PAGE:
March 15, 2010

Irish Pub Grub

If you've been following A Spicy Perspective, you may have noticed my fondness of quotes. In honor of Saint Patty's Day this Wednesday, I've listed a few Irish sayings that I think show true cultural personality!

May the enemies of Ireland never eat bread nor drink whiskey,
but be afflicted with itching without the benefit of scratching

An Irishman is never drunk as long as he can hold on to one blade of
grass and not fall on the face of the earth.

May you be in heaven 1/2 hour before the devil knows you're dead. 

May those who love us, love us.
And for those who don't love us,
May God turn their hearts.
And if he can not turn their hearts,
May he turn their ankles,
So we may know them by their limping.

My husband and I have a Saint Patrick's Day tradition that we have kept over the last ten years of marriage. We wear our Notre Dame sweat shirts (hubby's a HUGE fan) and go to an Irish pub for lunch. I'll be the first to admit it's a corny little ritual...but we always look forward to it! 
Irish food is often thought of a bland because the most common dishes are prominently potatoes and cabbage. Traditional Irish cuisine usually falls under two categories: farmer fair and pub grub. With humble roots, Irish dishes do tend to be simple, but can be quite flavorful and comforting. This week I hope to introduce you to a few Irish dishes that can hold their own on the dinner table.
One of the most familiar Irish dishes is Bangers and Mash. This consists of Irish style pork sausage links and rustic "smashed" potatoes. I like to pump up the flavor in this dish by boiling the bangers in beer and adding whole-grain mustard and dubliner cheese to the mash. For the beer, choose something you would drink because the gravy will have a concentrated beer flavor. If not a beer drinker--choose a light beer or substitute beef stock.  Dubliner cheese melts smoothly and has bold flavor. It combines the sharpness of aged cheddar and the nutty essence of swiss or parmesan cheese. If you can't find it--substitute any good melting cheese.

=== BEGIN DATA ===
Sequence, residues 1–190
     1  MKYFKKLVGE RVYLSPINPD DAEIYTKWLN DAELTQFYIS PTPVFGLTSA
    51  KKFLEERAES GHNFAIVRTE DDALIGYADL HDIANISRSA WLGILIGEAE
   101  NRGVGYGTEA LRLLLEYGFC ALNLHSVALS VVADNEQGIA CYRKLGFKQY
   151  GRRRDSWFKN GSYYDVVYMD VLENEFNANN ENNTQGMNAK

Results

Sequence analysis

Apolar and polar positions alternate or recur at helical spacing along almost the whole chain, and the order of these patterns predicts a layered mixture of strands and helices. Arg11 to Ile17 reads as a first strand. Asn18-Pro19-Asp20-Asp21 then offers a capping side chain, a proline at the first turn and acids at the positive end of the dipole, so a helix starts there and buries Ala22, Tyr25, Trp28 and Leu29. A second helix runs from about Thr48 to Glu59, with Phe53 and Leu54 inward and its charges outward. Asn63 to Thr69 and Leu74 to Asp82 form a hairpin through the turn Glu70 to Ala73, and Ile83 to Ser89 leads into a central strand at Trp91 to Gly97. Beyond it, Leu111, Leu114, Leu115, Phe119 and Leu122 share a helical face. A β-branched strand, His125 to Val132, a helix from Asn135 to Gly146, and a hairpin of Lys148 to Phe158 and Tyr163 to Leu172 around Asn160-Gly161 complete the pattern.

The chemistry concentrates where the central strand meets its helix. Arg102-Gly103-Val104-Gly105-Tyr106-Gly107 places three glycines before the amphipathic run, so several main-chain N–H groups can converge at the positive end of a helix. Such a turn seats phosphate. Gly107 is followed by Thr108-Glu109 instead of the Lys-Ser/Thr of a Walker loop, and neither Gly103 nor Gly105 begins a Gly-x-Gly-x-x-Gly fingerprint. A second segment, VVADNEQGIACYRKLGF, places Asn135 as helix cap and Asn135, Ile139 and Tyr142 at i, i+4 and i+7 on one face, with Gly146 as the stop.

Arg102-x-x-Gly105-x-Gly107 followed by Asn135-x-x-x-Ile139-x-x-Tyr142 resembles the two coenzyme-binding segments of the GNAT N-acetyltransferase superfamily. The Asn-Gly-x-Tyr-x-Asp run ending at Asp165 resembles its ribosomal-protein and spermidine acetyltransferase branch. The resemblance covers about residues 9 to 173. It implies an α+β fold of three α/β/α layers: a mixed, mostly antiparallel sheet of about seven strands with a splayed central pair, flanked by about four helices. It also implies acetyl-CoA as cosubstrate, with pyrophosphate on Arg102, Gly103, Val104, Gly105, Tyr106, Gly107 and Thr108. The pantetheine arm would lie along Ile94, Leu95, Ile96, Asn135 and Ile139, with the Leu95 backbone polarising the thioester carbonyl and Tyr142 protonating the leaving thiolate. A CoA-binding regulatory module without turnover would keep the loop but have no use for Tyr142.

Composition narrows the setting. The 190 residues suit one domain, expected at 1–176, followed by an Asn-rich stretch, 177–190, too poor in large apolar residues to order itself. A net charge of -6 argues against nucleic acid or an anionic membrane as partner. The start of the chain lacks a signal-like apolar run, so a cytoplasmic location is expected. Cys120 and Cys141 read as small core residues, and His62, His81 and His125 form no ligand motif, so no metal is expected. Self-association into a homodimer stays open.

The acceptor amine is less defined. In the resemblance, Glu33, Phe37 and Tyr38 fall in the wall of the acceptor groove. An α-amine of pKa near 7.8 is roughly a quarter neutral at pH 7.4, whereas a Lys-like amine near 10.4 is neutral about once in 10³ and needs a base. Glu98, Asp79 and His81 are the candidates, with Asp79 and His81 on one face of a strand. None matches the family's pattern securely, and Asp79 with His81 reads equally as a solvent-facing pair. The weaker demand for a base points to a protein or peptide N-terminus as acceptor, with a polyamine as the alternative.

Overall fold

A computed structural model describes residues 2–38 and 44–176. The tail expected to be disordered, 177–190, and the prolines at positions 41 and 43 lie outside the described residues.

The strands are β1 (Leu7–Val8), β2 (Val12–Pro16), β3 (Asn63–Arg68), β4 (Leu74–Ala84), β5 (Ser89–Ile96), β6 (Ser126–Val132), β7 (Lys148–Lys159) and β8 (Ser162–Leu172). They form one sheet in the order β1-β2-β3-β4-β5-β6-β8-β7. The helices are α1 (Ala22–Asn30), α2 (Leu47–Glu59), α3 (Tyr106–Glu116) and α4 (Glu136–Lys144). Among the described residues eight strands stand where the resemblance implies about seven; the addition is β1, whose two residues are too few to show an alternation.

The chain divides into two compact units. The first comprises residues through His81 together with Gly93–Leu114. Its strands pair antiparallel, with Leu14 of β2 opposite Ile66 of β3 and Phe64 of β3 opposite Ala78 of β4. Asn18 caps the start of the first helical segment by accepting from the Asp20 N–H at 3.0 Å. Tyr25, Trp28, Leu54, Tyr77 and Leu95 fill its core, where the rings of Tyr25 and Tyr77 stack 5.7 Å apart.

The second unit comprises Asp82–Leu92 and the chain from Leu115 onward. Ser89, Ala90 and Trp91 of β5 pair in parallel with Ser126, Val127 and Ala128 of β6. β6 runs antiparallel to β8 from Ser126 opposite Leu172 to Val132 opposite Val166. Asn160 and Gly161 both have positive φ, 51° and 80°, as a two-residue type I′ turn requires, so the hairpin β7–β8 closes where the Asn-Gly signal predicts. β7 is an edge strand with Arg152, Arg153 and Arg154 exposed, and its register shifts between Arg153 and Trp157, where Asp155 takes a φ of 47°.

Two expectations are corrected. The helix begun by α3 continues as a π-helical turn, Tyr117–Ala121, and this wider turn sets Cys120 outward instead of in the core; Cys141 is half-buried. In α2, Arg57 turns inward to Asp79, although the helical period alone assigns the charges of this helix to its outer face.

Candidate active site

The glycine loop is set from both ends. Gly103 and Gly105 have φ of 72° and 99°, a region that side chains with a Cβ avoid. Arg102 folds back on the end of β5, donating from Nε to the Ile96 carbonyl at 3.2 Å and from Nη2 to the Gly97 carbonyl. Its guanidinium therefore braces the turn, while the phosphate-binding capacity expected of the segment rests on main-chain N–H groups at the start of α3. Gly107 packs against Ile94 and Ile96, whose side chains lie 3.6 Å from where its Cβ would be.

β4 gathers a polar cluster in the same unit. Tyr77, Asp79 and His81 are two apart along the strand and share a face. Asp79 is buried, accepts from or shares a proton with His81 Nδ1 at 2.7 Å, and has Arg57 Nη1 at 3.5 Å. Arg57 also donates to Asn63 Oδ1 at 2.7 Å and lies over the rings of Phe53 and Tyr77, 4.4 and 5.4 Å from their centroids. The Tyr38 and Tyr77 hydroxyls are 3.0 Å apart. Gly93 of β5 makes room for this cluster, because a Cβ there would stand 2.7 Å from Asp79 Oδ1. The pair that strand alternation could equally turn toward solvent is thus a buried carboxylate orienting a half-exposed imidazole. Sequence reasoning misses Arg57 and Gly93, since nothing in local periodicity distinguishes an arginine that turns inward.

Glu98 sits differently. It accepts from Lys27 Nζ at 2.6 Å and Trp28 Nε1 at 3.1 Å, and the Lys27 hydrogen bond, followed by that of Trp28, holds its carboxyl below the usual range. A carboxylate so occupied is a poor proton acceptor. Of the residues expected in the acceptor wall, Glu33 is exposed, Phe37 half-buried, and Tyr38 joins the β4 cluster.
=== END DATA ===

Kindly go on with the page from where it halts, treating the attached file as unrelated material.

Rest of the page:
Hopefully this dish will get your Irish eyes a'smiling!

Banger and Mash   

6-8 pork sausage links
2 Tb. butter, separated
1 large onions, sliced thin
1 bottled beer
1 Tb. flour
2 Tb. Worcestershire
½- 1cup chicken or beef stock
Salt and Pepper

2 lbs. red skinned potatoes
2 Tb. butter
3-4 Tb. milk
1 Tb. whole-grain mustard
¾ cup shredded Dubliner cheese

Chop the potatoes into large chunks and place in a pot. Fill the pot with water until it covers the potatoes. Add a large pinch of salt. Cover the pot and bring to a boil. Once boiling, remove the lid, lower the heat, and simmer another 10 minutes—until fork tender.

Drain the potatoes and add the butter and milk. Smash the potatoes will a potato masher (or a large spoon or ladle). Once you’ve reached the desired consistency, stir in the cheese and mustard. Salt and pepper to taste.

While the potatoes are boiling, add 1 Tb. of butter to a large skillet over medium-high heat. Place the sausages into the skillet, allowing them to make contact with the skillet first, then add the sliced onions. Brown the “bangers” and onions for about 10 minutes.

Add the beer and allow it to reduce for another 10-12 minutes—stirring occasionally.

Mix 1 Tb. of soft butter with 1 Tb. of flour together. Remove the bangers and mix the butter mixture into the beer reduction. It should thicken instantly. Now add the Worcestershire and stock to thin out the gravy to your desired consistency. Salt and pepper to taste.

Serve the bangers over the mash, topped with gravy. Serves 3-4.


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